Jackson: What do you look at yourself as, a coach, recruiter, or is there a slash that allows you to see yourself as both?
Volious: There's a slash. And it might be four or five slashes. (Laughs.) I consider myself a father to my guys. I consider myself a teacher, a motivator. I consider myself someone that's going to be there for them through the good as well as the bad. I treat the players like they are all my sons. That's why consider myself different things. I'm not just the recruiter, I'm not just the coach, you know. I'm more of a father figure to guys, a motivator, a teacher, an educator. And if I have to be on their heads 24/7, I'm going to be on their heads 24/7.
Jackson: Jimmy Collins in this area is considered one of the greatest recruiters of Chicago kids we've ever had. Not saying that you are following in his footsteps, but damned if it doesn't seem like you are doing the same thing at Robert Morris that he did when he was at U of I. From DeAndre Thomas [Westinghouse] to Angel Santiago [Von Steuben], you've got them coming in.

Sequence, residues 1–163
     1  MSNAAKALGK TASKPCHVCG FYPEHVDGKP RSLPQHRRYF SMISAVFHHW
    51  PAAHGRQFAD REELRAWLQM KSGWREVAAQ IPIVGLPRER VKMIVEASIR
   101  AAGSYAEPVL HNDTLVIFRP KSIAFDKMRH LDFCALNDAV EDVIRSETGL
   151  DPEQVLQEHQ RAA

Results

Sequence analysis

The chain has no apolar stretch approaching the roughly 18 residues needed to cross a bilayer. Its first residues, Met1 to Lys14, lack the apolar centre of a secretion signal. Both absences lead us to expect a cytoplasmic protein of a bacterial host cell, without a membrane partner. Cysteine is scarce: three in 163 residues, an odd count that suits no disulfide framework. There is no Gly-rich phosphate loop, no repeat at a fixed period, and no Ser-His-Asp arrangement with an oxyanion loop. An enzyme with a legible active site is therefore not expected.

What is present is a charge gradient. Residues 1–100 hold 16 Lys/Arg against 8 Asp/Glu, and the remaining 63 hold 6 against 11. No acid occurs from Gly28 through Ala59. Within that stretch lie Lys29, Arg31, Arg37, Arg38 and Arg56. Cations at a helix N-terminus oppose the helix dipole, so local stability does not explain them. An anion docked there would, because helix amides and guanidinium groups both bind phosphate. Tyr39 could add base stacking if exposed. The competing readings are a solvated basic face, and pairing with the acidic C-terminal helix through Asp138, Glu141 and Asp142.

Volious: Jimmy is one of the best that's ever done it, but I don't pattern myself or what I do after one particular person. My players are my best recruiters. Because I treat them good when I'm going after someone else, my players will tell [future players]: "You need to come to Robert Morris. Coach V is there he's going to look out for you." And that's where I guess I get my motivation to make sure that these young men look at our program.
Jackson: What makes a basketball player from Chicago so special that you've been able to find success without really too often going outside of the city to build a program that competes almost every year for a national championship?
Volious: The talent here is great, just like that talent across the country is great, but the difference that I found in Chicago ballplayers is that they are hungry and they are tough as nails. I tell people that all the time. Now keep in mind I am not from Chicago, I'm from Buffalo, N.Y., so there's no bias with the city in that way. But I tell everyone: You give me the sixth- or seventh-best player off of any team in, say, the Red West, and I guarantee you he can probably start for some D-I school in this country.
Jackson: We always say that Kevin Garnett would have never become the player he became if he never spent that one year here.